Franklin also has some amazing wilderness and areas of natural beauty. It boasts Port Davey and Bathurst Harbour within the Southwest National Park, part of the Tasmanian Wilderness World Heritage area, the Hartz Mountains National Park and Recherche Bay, together with Macquarie Island. The electorate has some extremely diverse demographics. Statistically, it contains Tasmania’s poorest suburb but also the wealthiest. The majority of its population is urban based but it has some very remote communities. Its main industries include fruits—apples, which of course Tasmania has been famous for, pears, cherries and berries—aquaculture, with salmon farms and processing plants, forestry and timber milling, boat building and increasing tourism.

The people of Franklin are proud and strong. They have faced disasters in their recent history that have brought them together as a community. This February saw the 41st year since the 1967 Black Tuesday bushfires which devastated the Kingborough and Huon regions. Many small towns lost many buildings—like Snug, which lost 80 of its 120 buildings. Many families, including that of my own father, lost everything they owned. And I cannot forget that 62 Tasmanians died in those fires. It was a terrible time. Yet the efforts of the firefighters and the many untrained volunteers protected numerous properties and saved many lives. The experience has led to many improvements in emergency preparation and response.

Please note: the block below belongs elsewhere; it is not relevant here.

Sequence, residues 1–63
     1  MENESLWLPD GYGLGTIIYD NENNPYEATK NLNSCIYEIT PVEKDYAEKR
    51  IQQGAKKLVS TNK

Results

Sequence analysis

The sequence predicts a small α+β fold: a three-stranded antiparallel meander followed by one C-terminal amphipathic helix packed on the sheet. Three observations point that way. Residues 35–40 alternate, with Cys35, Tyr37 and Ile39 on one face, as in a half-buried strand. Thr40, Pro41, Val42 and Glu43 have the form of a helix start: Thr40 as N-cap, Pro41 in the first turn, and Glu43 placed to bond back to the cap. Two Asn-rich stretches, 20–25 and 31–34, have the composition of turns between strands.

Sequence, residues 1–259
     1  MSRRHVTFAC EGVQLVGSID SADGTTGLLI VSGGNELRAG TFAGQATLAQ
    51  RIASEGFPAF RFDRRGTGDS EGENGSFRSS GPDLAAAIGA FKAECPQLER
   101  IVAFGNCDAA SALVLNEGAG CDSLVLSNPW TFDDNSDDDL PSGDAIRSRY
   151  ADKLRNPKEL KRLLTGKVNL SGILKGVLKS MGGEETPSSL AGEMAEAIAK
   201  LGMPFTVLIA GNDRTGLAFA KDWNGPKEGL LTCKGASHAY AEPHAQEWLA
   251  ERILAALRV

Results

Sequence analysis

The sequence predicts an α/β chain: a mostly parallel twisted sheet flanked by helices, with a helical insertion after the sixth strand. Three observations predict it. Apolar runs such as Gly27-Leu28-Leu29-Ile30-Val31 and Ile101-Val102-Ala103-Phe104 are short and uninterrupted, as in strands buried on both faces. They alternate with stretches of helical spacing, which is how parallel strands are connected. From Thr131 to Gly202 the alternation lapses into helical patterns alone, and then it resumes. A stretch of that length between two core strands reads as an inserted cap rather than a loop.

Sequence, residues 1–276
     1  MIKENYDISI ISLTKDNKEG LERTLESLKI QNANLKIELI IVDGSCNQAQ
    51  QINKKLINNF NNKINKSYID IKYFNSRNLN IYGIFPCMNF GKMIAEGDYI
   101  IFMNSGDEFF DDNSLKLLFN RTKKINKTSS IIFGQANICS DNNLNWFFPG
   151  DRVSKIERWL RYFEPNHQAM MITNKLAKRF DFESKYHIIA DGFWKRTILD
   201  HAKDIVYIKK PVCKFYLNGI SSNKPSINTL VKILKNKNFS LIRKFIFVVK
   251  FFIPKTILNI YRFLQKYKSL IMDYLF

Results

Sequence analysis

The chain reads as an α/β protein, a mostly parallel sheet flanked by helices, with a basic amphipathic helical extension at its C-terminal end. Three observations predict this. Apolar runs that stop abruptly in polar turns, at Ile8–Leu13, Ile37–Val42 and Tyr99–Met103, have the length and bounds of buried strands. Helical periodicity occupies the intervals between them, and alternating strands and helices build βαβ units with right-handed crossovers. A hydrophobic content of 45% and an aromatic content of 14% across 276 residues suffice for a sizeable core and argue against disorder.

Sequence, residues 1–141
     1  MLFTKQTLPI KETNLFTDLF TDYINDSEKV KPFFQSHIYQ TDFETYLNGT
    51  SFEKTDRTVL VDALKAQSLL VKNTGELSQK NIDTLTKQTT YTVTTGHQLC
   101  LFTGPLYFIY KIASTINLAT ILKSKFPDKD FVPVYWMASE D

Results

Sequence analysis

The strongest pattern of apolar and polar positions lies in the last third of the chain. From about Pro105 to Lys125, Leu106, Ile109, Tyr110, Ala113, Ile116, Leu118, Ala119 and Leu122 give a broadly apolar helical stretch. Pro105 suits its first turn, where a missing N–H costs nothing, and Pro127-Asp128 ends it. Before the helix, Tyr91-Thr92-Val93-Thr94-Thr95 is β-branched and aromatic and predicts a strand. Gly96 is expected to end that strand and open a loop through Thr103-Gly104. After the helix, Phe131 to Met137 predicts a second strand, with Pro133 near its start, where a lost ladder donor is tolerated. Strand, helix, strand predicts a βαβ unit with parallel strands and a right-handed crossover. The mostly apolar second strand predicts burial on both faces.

Many residents of the city of Clarence will recall the fatal collapse of the Tasman Bridge on 5 January 1975. Its impact was immediately felt, with Hobart suddenly cut in two. With most hospitals, schools, businesses and government offices located on the western shore, residents on Hobart’s eastern shore were significantly compromised. Within an hour of the bridge collapse, a ferry service was up and running. It ran throughout the night. By the next day, three private ferries and a government vessel were already in operation. A temporary bridge—Bailey bridge, as it was known—was constructed before the end of that year and the Tasman Bridge was repaired and reopened by 1977. These people showed their resilience, their courage and their determination in those difficult times. These ordinary people were dealing with extraordinary circumstances and they achieved remarkable things. When facing adversity these people prevailed as a community that worked together.